Troubling for the Soviet Union were the following events in Hungary, which broke out in open revolt against the Communist dictatorship in 1956. Destalinization was paired with a rapprochement with Yugoslavia by the Soviet Union, seeming to open up the possibility of autonomy and national development of Communist paths in Eastern Europe. Disturbances broke out all across the Eastern Bloc, but would become most severe in Hungary, where reform by Hungarian leader Nagy was blocked, leading to huge protests, demonstrations, and revolution, blocked only by Soviet intervention - with Yugoslavian acquiescence. In Poland, disturbances almost led to Soviet intervention there too, but were ultimately used by the regime to enhance its autonomy vis-a-vis the USSR. 1956 also solidified East Germany as a member of the Eastern Bloc, and started Romania on the course to an independent foreign policy. Most importantly, it showed that independent reform and independent national forms of socialism was impossible in Eastern Europe, under Soviet influence.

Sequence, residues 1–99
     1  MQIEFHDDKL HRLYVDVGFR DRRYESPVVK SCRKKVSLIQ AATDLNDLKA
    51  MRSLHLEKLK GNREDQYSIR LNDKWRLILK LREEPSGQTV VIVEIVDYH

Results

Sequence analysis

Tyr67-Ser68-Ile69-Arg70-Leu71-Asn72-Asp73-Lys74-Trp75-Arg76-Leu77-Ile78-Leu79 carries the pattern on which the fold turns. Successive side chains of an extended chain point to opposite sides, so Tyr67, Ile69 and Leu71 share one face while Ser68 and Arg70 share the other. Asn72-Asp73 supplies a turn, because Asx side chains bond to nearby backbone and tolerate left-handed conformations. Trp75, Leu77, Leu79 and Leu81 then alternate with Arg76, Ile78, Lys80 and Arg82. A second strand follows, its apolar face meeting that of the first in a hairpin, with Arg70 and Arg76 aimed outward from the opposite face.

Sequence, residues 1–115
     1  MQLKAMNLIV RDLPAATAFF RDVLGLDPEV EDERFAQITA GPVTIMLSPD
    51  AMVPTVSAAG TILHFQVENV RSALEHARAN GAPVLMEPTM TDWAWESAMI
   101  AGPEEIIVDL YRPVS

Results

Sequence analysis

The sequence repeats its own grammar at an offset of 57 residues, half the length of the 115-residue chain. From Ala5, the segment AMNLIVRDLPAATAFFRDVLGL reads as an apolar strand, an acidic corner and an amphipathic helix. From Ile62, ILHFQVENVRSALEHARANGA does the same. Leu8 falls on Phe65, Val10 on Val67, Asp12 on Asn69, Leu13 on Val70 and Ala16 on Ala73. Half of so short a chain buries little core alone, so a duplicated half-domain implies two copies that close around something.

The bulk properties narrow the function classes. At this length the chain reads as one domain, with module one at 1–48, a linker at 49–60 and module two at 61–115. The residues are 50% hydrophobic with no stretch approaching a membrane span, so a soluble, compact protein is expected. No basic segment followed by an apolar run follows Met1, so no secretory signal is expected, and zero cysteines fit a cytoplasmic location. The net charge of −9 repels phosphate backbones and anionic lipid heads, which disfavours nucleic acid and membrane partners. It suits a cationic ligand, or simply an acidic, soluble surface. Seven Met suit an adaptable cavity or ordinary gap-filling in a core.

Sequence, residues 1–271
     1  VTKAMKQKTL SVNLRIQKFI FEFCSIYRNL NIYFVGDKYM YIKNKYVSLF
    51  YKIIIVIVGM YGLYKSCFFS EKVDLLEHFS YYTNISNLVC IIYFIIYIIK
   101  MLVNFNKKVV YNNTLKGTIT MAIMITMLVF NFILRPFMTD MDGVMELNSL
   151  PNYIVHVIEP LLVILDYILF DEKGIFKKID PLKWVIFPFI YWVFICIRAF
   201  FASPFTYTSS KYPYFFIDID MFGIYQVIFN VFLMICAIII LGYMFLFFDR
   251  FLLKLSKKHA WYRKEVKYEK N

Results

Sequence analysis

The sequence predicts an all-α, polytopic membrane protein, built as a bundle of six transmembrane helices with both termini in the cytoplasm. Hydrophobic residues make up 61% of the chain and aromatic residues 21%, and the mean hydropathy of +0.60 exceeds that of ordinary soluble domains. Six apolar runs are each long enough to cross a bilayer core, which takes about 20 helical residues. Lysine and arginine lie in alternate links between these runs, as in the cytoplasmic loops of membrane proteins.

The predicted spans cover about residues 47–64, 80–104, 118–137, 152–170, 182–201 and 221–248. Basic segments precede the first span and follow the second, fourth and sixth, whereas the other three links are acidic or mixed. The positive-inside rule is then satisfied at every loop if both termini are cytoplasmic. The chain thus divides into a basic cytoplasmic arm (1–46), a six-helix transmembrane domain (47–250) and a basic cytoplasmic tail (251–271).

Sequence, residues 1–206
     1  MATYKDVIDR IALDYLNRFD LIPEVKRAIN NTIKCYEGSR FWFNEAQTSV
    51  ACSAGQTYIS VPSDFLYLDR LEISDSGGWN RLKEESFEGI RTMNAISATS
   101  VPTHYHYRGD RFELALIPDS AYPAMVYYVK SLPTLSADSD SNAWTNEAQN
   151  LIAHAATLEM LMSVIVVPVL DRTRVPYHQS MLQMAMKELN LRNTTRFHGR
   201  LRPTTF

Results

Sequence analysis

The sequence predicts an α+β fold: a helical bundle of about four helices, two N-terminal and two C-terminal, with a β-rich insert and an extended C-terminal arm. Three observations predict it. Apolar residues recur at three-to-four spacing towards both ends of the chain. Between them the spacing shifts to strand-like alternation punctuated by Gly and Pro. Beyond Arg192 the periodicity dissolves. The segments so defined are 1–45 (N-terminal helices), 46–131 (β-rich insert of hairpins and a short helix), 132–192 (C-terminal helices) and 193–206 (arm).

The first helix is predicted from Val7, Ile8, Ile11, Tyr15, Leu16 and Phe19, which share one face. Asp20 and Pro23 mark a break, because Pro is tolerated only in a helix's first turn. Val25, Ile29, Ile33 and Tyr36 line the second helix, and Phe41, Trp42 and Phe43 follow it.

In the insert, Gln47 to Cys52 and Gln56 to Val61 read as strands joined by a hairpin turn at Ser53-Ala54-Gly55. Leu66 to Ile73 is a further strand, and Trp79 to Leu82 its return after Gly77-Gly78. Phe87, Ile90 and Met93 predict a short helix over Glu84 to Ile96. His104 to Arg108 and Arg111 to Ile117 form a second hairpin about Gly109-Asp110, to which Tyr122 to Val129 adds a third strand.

Chapter 5 moves on to discuss what socialism was like in practice in Eastern European countries - formally called "actually existing socialism", which ran into severe problems with lack of market systems for quantifying prices, encouraged totalitarian domination and paranoid secretism by the Party., and had a troubled and infeasible central planning organization which inspired major goods shortages and were unable to handle intensive economic growth. It also covers the constitutional arrangements of the countries, and the cultural politics of the party, with the destruction of alternative civic organizations to provide party dominance, socialization of holidays, and if not a supression, a sidelining of nationalism and religion. The state provided many benefits, although not necessarily high quality ones, but also did little to attempt to actively resolve inequalities beyond assuming they would simply vanish in the Communist society. Workers were split between experienced older laborers and younger, newly inducted and less experienced, more oppressed, workers. The states cultivated a type of socialist consumption, within the limits of their poor economy.